|Texas Tech kicker Alex Trlica gets the celebration started - with help from holder Danny Amendola - after his winning kick. (Mark Wallheiser/Reuters)|
Raiders prevail by arm, leg
Harrell throws for 407 yards; Trlica boots winning FG
JACKSONVILLE, Fla. - Texas Tech didn't score 40 or more points, as it had all season. Through three quarters, the nation's top passing offense couldn't score much at all.
But Graham Harrell stayed with it, finishing 44 of 69 for 407 yards and three touchdowns, and the Red Raiders scored just enough to overcome a 14-point deficit and stun No. 21 Virginia, 31-28, on a late field goal in the Gator Bowl yesterday.
Alex Trlica hit from 41 yards, despite swirling wind, with seven seconds remaining. It was the third game-winner of the senior kicker's career, and came at an appropriate time: Earlier in the game, Trlica became the first kicker in school history to score 100 points in a season.
"I think it gets easier with every time," Trlica said of winning field goals. "Compared to the first time I had to do it and this time, I was a lot more calm. I knew they were going to call timeout."
Virginia coach Al Groh did, but it didn't faze Trlica.
Tech overcame several mental errors, including pivotal penalties and a fumble, to come back from a 28-14 fourth-quarter deficit. Its aggressive pass offense couldn't score much for three quarters, but Harrell still managed to rack up Gator Bowl records for yards, completions, and attempts.
In the final period, the Red Raiders finally found the end zone as they were accustomed to all year. Twice, actually, and Trlica's field goal did the rest.
"I was thinking, 'Hey, if we can just get into field goal range we're probably going to win this," Harrell said. "But I wanted to go throw it myself. When we kick, I just hate kicking. You're no longer in control."
Just a few minutes earlier, the Cavaliers seemed to be in control. A Tech drive kept alive by two fourth-down conversions sputtered with eight minutes left, and All-American Michael Crabtree couldn't haul in a prayer in the end zone on fourth and 1 with 3:16 remaining.
But a few minutes after that, Harrell found him in the same spot against the same defender, and this time it worked - despite a pass interference call.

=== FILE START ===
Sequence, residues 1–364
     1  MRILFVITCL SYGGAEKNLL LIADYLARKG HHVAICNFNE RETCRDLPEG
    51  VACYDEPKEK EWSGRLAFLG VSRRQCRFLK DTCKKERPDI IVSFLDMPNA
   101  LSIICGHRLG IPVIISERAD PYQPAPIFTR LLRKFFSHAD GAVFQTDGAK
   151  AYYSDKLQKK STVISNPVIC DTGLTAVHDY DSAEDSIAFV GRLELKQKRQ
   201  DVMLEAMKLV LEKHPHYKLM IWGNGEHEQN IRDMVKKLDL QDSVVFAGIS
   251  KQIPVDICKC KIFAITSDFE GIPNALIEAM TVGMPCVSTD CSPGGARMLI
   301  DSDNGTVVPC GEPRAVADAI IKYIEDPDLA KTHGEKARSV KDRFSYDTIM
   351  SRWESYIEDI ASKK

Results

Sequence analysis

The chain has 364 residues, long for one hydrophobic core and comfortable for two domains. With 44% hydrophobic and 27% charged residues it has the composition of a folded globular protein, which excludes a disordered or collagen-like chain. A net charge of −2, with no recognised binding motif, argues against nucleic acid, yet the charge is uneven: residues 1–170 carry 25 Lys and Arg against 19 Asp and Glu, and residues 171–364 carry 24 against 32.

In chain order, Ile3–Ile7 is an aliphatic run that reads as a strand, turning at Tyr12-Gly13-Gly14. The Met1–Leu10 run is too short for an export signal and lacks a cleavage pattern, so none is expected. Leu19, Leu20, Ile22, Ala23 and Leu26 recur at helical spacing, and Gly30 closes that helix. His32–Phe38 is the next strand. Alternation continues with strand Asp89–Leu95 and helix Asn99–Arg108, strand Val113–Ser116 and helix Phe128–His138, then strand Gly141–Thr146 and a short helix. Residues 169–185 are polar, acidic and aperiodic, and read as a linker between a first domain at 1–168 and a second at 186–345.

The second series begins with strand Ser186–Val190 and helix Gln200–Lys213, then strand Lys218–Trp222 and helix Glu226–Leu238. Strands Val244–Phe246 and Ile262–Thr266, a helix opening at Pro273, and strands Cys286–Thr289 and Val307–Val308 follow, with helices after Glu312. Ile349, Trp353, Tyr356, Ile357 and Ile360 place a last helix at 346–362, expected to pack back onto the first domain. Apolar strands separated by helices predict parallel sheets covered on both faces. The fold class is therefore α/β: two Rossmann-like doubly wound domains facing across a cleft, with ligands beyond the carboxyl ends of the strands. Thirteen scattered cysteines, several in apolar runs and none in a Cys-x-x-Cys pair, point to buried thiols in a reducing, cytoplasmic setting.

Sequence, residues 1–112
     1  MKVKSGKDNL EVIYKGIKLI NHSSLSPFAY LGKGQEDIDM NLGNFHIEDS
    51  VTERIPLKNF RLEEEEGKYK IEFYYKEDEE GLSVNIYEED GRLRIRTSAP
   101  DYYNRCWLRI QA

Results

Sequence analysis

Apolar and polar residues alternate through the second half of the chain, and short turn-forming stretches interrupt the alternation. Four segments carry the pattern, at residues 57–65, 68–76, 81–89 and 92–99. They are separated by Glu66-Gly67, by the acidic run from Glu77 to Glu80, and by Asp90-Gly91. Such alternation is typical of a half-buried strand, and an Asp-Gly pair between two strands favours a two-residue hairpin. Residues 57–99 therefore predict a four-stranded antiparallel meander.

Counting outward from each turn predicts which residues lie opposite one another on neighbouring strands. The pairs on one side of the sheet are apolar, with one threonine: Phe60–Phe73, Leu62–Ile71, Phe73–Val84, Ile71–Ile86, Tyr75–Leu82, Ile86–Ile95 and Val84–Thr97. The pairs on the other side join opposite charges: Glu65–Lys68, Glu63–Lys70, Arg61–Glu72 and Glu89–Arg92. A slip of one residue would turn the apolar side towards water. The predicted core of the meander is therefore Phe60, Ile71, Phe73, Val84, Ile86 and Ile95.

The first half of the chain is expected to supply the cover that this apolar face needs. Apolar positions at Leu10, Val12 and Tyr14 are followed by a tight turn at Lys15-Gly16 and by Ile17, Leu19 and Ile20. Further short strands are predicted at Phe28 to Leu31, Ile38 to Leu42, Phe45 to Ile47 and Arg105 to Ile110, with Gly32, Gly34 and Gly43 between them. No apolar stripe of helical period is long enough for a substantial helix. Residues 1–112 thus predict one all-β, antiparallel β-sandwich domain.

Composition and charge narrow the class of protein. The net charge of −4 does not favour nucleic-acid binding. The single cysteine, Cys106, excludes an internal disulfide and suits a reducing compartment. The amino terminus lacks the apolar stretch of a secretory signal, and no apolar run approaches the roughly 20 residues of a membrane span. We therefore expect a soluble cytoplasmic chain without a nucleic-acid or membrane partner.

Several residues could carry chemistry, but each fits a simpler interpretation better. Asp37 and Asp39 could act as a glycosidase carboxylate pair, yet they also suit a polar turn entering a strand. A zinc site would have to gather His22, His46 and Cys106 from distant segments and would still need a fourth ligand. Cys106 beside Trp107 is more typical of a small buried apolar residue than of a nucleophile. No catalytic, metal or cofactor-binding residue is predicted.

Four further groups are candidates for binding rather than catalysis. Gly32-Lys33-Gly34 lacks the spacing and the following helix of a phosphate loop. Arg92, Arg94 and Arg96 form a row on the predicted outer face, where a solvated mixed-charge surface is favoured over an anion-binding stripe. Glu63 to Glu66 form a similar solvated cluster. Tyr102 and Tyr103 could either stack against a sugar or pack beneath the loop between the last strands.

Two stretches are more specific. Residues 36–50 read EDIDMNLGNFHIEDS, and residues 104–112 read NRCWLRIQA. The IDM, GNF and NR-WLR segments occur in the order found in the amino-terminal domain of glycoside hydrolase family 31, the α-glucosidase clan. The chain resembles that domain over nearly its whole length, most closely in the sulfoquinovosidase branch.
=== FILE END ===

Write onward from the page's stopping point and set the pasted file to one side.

Then, Virginia gave Tech a gift. The ball was knocked out of backup Virginia quarterback Peter Lalich's hands at the 4-yard line, Tech recovered and Aaron Crawford's run a play later tied it at 28.
"Those guys are hard to hold down, and we held them down for a long time," said Groh. "There were two possessions where we should have had the ball that we didn't - the onside kick to start the second half and fumble at the end of the game."
The Red Raiders overcame a tremendous effort by Virginia tailback Mikell Simpson, who ran for 170 yards on 20 carries - including a NCAA bowl-record 96-yard TD run - and caught another touchdown. Pretty impressive, considering he was playing receiver for the Cavaliers until backfield injuries pressed him into service in October.
Virginia's offense wasn't the same after losing Jameel Sewell at the start of the fourth quarter. His statistics weren't outstanding - 14-of-23 passing for 78 yards and a TD - but he commanded the offense well. Not known for running, the second-year quarterback had nine carries for 32 yards, and his mobility was key to Virginia's first score.
Sewell kept that drive going with two rushes for first downs, one of them on third and 8, before a 2-yard TD pass for Virginia's first score.
He was tackled near the line of scrimmage at the start of the fourth quarter and came up favoring his left leg. Sewell had to be helped off the field and didn't return until Virginia's last possession, when Tech came back and tied things up.
By then it was too late - the Cavaliers couldn't move the ball or stop Harrell, a different story from early in the game.